How many legs has a three-legged stool?

Having a 6 foot 4 inch high father, I suppose I should have anticipated it. My little sister once described herself to a potential blind date as ‘a giantess’ and that was exactly how I felt on my first day at Neptune Road. I was the giantess and this place was inhabited by nasty, noisy midgets.

Throughout my schooldays, but particularly at the Infants, there seemed to be a set of rules for survival which had been vouchsafed to all but me. I struggled in vain to roll pointless little sausages out of rock-hard, child-resistant modelling clay. The cotton wool tails dropped off my Easter Bunnies and my Christmas cards lost their glitter.

I remember galloping around the school attempting to be a butterfly because the lady on the radio was ordering me to.

‘Now children, just flap your wings. Flitter-flutter, that’s right. You are going to take a sip of nectar from that nice honeysuckle flower over there. Sippety-sip, that’s right…’

What nice honeysuckle? I panicked. I flitted and fluttered. I fell over.

Education had few consolations but learning to read was one of them. Words, even big words like ‘garden’ and ‘nasturtium’ began to attach themselves to objects, with the help of the brightly-coloured pictures in Janet and John. Janet and John themselves were as dull as ditchwater. They looked like no little boy and girl we had ever seen and they seemed to spend all day throwing a ball to one another or the dog and conversing like this:

Throw the ball, John. / I throw the ball, Janet. / Thank you, John. Here is the ball, John. / Thank you, Janet. / Mind the nasturtiums, John.

I remember Miss Atkins the headmistress solemnly demonstrating in assembly how the earth went around the sun, using an orange for the sun and a walnut for the earth. She also warned us that if we ate oranges and drank milk at the same time we would be sick. I tried this later on, hoping to get out of a maths test, but it didn’t work.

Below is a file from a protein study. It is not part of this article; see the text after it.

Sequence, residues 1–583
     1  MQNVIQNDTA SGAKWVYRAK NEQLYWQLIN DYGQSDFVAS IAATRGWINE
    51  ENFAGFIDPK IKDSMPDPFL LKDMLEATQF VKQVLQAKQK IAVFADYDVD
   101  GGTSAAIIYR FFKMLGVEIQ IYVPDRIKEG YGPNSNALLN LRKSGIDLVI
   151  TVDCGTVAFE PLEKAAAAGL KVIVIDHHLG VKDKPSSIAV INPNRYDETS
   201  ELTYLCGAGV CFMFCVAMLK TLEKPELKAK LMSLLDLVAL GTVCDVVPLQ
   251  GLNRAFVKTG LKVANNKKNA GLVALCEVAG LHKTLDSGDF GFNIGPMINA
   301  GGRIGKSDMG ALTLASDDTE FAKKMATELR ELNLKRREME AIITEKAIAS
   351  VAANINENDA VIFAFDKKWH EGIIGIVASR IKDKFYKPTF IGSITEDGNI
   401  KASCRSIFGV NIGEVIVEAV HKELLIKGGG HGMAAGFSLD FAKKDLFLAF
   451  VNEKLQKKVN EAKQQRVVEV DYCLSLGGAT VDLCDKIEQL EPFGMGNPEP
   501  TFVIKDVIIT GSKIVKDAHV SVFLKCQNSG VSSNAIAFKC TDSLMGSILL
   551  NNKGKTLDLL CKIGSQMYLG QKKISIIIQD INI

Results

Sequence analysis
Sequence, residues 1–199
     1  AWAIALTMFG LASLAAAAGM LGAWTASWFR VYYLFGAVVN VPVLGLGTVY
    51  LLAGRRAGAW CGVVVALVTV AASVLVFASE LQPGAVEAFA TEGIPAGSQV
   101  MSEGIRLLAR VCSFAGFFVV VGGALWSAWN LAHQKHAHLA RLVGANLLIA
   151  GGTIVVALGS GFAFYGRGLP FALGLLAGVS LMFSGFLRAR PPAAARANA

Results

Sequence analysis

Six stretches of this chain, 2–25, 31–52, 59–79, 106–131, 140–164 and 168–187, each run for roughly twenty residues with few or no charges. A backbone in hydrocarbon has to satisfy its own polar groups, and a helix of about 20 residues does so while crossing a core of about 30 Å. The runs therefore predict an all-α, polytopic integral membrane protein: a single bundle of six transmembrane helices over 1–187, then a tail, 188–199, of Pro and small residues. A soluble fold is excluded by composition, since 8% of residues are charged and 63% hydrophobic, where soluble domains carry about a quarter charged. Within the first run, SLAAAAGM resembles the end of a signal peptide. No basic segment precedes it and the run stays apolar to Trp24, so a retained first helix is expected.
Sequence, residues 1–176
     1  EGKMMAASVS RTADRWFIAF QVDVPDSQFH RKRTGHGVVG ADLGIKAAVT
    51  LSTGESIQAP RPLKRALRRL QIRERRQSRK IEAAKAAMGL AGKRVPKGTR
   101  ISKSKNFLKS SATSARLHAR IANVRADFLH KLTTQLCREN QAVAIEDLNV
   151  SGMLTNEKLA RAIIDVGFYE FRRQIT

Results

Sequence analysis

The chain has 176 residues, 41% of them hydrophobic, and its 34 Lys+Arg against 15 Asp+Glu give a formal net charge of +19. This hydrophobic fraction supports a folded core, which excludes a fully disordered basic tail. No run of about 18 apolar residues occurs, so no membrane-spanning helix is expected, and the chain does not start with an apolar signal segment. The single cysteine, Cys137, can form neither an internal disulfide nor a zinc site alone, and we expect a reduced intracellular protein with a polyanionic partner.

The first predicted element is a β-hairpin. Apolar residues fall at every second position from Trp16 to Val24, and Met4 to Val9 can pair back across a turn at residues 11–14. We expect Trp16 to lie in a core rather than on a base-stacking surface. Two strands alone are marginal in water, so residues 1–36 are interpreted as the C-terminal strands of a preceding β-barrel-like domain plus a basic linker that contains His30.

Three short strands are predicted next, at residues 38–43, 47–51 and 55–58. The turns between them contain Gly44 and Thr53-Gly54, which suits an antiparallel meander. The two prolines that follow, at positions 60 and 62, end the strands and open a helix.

The classrooms, cosy and noisy with high windows, smelling of chalk dust and urine, sunshine and milk, surrounded the assembly hall. A crateful of half-pint bottles was delivered to each classroom every morning and sat under the window until playtime when the Milk Monitor would importantly poke a straw through each tinfoil lid. It was warm, slightly sour and delicious.

There were four classes, starting from the Babies and working round anti-clockwise to the Big Children. Big Children were about to ‘go up’ to the Juniors in Walklyn Road. They were only two years older than the Babies but to us that was the equivalent of a century. I couldn’t believe I would ever be seven.

Before we went up we were given an intelligence test. I remember wondering who could get the wrong answer to questions like

Q: How many legs has a three-legged stool? / (A: Sixteen)

Q: If a white cow gives white milk, what colour milk does a black cow give? / (A: Pink, naturally)


Playtime. A tidal wave of kids crashing out through two identical doors, one with BOYS carved in stone above it, the other with GIRLS. Although the sexes were no longer forced to remain separate, the playground was still divided into two halves, with fences and a wooden door between them, now wedged open. And there remained well-defined boys’ and girls’ territories – Skipping games to the left, Cowboys and Indians to the right, even a Doctors and Nurses area by the canteen steps.

The canteen was a wooden building in the middle of the playground. It was here that I learned to loathe rice-pudding, strawberry jam, rhubarb and liver. Beyond the canteen was the boundary fence and beyond that the railway line. Towards the end of my time at Neptune Road the railway track suddenly became the scene of great activity. Men were spaced out all along it, calling to one another and striking at the rails with hammers. They were electrifying the line. I recall the steam itself rather than the steam engines. A great cloud of it would rise up and swallow you, damp and choking, if you happened to be standing on the bridge in Station Road.

The crossing gates were opened and shut by the turning of a huge red wheel in the signal box. The signalman stood up there like a ship’s captain on the bridge of a ship, stern-faced with the responsibility of it all. The pedestrian’s only responsibility was not to get caught inside the gates as they closed. There was always time to scuttle, roller-skate or wheel one’s bicycle up the slope to the platform to safety before the train came – it was just the embarrassment.

At one end of the line was London and at the other end The Seaside – tin buckets and spades; last year’s sand caught in the ruches of a purple swimsuit; sandwiches in greaseproof paper; a bottle of Tizer fizzed up to danger-level by all the jolting; the smell of seaweed through the carriage window.

Beyond the railway line lay the Rec. We visited it as a class in springtime, for Nature Study. Crocodiled and woolly-mittened, we fingered catkins and learned that the bark of the silver birch was silver. But the real Rec was the one we inhabited after school, at weekends and throughout the summer holidays, when our rules applied.

three legged